Sassy Jane Genealogy Blog

27 Jan 2015

List of Facebook Genealogy Resources

Have you heard about the list of Facebook Genealogy Resources?

Download the 120-page PDF of 4,130+ links to genealogy resources on Facebook (updated 18 Oct 2014) here: Genealogy on Facebook List.

This list is compiled and updated at regular intervals by genealogist Katherine R. Willson of Ann Arbor, Michigan. Inspired by her success using Facebook to break down some of her brick walls, Katherine’s List of Facebook Genealogy Resources is a gold mine of information. Gail Dever has created a Canadian list that includes French-speaking groups & pages, available at this link:  Facebook for Canadian Genealogy.

Willson’s list is arranged by location or subject. Location links on Facebook include virtually every country from Australia to Zimbabwe; U.S. locations are broken out by state. Subject links run the gamut from adoption to surnames. The links include both subject groups that are only on Facebook, […]

24 Jan 2015

Winter 2015 Sale for Genealogy Archival Supplies

The Hollinger Metal Edge Winter 2015 Sale for Genealogy Archival Supplies is on now and ends 31 January 2015. Get 20 percent off of 2014 prices for all archival supplies at Hollinger Metal Edge, where professional archivists shop. This isn’t an advertised sale, so use the following code to get this discount.

Use Code: 2015 for your order to get the discount prices for the Winter 2015 Sale for Genealogy Archival Supplies.

I am dismayed when genealogists tell me they buy acid-free supplies for their priceless family papers at discount or office supply stores, home parties, or other outlets that aren’t in the preservation business. That isn’t where libraries or archives shop and neither should you. Archivists swear by Hollinger, the leader in this field since 1945. If they say it’s acid-free, you can count on it.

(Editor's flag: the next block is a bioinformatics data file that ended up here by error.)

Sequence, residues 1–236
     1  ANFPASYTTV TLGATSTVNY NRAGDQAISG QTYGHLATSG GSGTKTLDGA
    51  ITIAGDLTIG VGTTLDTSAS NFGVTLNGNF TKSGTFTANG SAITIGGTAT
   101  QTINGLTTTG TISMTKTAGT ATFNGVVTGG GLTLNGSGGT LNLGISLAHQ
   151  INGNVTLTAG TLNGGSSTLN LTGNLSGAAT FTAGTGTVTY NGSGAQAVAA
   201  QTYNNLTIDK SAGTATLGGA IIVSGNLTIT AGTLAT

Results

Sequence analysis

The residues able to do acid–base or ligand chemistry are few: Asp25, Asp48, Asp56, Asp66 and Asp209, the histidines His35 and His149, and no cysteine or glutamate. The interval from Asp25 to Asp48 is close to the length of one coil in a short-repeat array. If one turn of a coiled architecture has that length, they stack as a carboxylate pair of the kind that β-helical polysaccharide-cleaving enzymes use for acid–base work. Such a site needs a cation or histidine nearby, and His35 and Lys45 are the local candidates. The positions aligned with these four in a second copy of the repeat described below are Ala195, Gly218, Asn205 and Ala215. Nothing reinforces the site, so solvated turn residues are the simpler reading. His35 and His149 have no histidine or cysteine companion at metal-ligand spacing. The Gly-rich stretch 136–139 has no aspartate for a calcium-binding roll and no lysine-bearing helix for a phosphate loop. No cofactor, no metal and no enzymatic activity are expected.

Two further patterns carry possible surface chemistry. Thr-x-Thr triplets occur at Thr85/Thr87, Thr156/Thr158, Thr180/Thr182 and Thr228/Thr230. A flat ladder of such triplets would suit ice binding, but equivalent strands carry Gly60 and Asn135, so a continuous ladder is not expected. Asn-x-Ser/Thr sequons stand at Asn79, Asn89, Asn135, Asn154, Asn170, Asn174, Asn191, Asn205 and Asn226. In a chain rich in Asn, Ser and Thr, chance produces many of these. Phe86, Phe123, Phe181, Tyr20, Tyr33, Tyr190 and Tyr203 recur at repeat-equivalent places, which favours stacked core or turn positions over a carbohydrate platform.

Products I really like include:

17 Jan 2015

Choosing Image Management Software

My good friend and fellow genealogist Judy Webster has started the new year with some resolutions about organizing her research using a “source-based incremental fix,” rather than a giant do-over approach. Makes sense to me!

Choosing Image Management SoftwareOne of her steps is choosing image management software to better organize her family photos. This is an essential step, and one that I cover in more detail in my e-book, Cataloging Family Photographs & Records.

But let’s take a look in this blog post as some of the software options.

Image management software is used by genealogists to:

  • Create high-resolution master scans
  • Edit photos to resize, crop, and alter master digital files
  • Make changes to many photos with a batch edit
  • Add information to digital images using metadata
  • Search for images and retrieve them using keywords
  • Use special functions, such as creating albums, employing facial recognition or adding GPS linking

Adobe Photoshop is the leader in this category, but it’s extremely expensive and complex to use. It also has a lot of sophisticated features geared to graphic designers that genealogists will probably never need or learn to use. So an alternative to Photoshop is a good idea.

Fortunately there are several lower-cost image management applications available that are easier to use. Alternatives to Photoshop include:

  • Photoshop Elements ($80-$100) – think of it as Photoshop Lite. Has powerful image editing capabilities, including GPS and facial recognition; easier to use than Photoshop but still has a learning curve. Many free tutorials available. Also has scanning feature. Mac or Windows. A 30-day demo is available for download by clicking here. Tip: Adobe releases a new version of Photoshop Elements every year, usually with only small changesbetween versions. The current version of the software is 13. Earlier versions are available for sale online at big discounts.

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4 Jan 2015

Finding Historic Newspapers Online

Today’s post is about finding historic newspapers online through the Rural West Initiative, a project of the Bill Lane Center for the American West at Stanford University.

This project combines visuals and data to create an interactive map of the growth of U.S. newspapers from 1690 through 2011. The map combines population estimates from NASA with information from Chronicling America, the historic newspaper database at the Library of Congress. Data visualization is credited to Dan Chang, Krissy Clark, Yuankai Ge, Geoff McGhee, Yinfeng Qin and Jason Wangby of the Rural West Initiative.

The Growth of Newspapers Across the U.S.: 1690-2011” is highly interactive and I urge you to experience the map directly by clicking here. The map also offers filters for languages and publication frequency help customize results.

The topmost image illustrates papers available in 1790, with results by title for the town of Litchfield, Connecticut, at the lower left of the […]